Light Reading’s international editor Iain Morris has published a piece on open radio access networks (RANs) and the effort – and disagreements – surrounding how best to replace the Common Public Radio Interface (CPRI) and its tendency towards vendor lock-in.
“It is CPRI that handles the connections between the signal-processing equipment (called baseband, in the industry) and the radios in what operators call the ‘fronthaul’ part of the network,” Morris explains in his piece, entitled Open Conflict Over Open RAN. “But there are so many variables with any CPRI implementation that operators are forced to work in one vendor’s system. It is effectively a proprietary tool. Ending this ‘lock-in’ meant coming up with an open alternative to CPRI that would accommodate new demands for network design.”
The issue: agreeing on what the replacement for CPRI should look like, and at what layer of the network the functional split should take place: the high-layer Option 2 or low-layer Option 7, with proponents of the first claiming that pushing network functions into the radio hardware will reduce transport costs while those in favour of the latter claim that removing as much functionality from the radios as possible is the best option for reducing vendor lock-in and providing an environment where white-box off-the-shelf hardware can flourish.
The promotion of a commoditised environment with full cross-vendor compatibility is at the heart of Lime Microsystems’ efforts in the cellular telecommunications field. CPRI, with its promotion – intentional or otherwise – of vendor lock-in, has been a stranglehold on the industry for too long; a more open approach is required, as exemplified by Lime’s work on commodity hardware running open-source software – a mixture which has proven its worth in numerous other industries from embedded electronics up to supercomputing – with the LimeNET family, including newly-announced LimeNET Micro, and partnerships on in-the-field projects including the Telecom Infra Project CrowdCell system. Combined with an ‘app store’ system which allows one-click deployment of software infrastructure, these initiatives – and those of Lime’s partners and colleagues in the industry – will be key to bringing the proprietary telecoms market the same benefits as so many other commoditised markets have enjoyed.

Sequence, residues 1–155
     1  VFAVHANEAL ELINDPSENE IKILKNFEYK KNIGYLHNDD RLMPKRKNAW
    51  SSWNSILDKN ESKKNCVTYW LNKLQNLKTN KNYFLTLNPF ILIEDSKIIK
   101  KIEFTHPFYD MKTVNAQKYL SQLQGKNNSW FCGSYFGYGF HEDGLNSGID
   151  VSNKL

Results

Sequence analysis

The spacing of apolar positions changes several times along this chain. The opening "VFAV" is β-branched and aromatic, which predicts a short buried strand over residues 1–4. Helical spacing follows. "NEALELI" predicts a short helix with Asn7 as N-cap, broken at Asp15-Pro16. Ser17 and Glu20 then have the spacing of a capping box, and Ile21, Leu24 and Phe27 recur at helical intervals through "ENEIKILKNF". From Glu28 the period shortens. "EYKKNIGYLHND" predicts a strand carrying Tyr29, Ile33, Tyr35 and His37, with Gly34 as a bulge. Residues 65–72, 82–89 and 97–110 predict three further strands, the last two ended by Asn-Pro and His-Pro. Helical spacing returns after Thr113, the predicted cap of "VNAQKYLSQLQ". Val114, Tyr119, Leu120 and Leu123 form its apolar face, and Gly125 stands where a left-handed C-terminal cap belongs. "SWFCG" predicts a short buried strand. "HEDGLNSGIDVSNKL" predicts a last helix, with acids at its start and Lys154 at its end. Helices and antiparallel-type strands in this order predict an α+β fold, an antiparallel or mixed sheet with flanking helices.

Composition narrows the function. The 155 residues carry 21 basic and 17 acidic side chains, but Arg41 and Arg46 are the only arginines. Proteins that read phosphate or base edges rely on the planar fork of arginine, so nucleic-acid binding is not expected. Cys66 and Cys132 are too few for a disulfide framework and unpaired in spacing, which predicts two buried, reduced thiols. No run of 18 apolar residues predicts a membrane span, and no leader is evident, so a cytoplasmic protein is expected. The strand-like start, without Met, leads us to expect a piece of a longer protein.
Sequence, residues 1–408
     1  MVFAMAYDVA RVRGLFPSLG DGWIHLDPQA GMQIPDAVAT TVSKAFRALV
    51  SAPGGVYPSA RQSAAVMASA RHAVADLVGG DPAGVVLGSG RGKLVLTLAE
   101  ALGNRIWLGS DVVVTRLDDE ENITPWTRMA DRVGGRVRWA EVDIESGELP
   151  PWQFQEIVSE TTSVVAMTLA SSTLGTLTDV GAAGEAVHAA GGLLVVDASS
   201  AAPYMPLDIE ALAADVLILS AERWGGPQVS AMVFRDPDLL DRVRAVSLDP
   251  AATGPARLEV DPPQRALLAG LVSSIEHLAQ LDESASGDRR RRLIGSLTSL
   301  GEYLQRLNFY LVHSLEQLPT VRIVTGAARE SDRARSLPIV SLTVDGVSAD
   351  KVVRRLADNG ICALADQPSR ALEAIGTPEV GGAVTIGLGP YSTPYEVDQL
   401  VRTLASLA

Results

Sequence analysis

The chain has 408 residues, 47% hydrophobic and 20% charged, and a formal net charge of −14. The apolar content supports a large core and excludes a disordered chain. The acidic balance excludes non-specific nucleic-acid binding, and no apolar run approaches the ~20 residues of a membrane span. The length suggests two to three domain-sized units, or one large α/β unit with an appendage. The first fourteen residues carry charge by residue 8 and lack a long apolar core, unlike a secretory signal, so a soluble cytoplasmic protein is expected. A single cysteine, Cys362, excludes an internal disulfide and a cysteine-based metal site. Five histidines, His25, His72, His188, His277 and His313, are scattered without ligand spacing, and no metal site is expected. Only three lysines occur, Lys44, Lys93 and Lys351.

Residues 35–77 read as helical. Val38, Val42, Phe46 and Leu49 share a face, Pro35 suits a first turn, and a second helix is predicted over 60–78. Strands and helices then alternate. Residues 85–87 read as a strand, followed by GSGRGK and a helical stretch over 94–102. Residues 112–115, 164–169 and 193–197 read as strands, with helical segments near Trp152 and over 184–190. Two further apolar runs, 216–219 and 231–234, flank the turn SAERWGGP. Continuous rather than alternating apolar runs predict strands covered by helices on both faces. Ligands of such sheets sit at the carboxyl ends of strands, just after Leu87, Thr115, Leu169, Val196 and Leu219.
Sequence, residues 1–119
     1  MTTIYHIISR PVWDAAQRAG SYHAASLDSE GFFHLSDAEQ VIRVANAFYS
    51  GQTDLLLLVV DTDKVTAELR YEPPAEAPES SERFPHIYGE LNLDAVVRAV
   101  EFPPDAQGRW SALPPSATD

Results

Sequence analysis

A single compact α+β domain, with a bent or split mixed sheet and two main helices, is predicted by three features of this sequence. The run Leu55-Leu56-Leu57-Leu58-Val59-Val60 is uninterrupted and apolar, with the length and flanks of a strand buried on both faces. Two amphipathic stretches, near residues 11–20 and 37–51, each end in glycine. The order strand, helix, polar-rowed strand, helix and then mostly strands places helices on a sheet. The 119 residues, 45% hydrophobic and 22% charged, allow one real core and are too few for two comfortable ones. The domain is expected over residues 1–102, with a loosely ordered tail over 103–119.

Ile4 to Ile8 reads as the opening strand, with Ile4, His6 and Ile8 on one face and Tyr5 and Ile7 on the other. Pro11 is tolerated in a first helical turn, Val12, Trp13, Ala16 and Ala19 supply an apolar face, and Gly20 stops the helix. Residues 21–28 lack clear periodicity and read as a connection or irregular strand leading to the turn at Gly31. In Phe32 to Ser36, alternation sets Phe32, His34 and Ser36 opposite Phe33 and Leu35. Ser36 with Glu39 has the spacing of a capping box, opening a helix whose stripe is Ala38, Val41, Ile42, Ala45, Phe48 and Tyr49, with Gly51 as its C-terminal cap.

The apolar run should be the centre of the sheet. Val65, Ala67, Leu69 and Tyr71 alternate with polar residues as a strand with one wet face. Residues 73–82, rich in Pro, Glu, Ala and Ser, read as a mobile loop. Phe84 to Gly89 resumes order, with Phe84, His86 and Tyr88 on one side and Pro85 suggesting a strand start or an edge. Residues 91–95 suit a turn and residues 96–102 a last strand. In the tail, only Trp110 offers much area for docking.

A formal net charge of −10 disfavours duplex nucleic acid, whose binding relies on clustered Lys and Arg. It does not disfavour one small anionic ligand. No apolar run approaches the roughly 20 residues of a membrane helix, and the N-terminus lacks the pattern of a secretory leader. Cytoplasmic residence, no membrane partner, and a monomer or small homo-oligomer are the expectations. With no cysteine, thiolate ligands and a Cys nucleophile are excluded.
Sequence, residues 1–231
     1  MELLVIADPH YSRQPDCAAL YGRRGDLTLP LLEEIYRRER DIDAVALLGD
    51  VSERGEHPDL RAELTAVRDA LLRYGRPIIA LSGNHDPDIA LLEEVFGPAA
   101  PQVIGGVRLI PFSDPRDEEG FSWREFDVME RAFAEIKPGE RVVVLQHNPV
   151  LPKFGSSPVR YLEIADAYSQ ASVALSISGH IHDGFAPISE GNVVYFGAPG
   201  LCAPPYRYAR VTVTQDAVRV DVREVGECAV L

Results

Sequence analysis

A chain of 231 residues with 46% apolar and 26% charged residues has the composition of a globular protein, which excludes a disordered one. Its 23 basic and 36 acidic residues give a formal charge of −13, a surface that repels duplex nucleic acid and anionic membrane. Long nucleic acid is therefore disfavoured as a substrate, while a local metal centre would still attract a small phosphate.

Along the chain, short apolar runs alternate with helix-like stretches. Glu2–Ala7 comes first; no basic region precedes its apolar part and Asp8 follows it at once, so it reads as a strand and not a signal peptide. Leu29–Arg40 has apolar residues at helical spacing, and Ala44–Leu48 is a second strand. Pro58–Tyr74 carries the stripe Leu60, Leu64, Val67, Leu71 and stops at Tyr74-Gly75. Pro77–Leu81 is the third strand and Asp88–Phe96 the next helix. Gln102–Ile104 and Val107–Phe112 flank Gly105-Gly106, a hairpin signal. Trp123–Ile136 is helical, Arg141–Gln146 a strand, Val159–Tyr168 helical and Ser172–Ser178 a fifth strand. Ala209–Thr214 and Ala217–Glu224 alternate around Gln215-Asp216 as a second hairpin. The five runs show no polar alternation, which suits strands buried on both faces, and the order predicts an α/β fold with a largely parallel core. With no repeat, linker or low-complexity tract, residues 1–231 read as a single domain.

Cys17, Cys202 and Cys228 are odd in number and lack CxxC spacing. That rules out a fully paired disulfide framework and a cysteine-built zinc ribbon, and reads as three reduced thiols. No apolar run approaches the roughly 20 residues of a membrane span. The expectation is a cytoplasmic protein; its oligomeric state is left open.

Morris’ full piece, which includes comment from parties on both side of the open RAN discussion, is available now on Light Reading.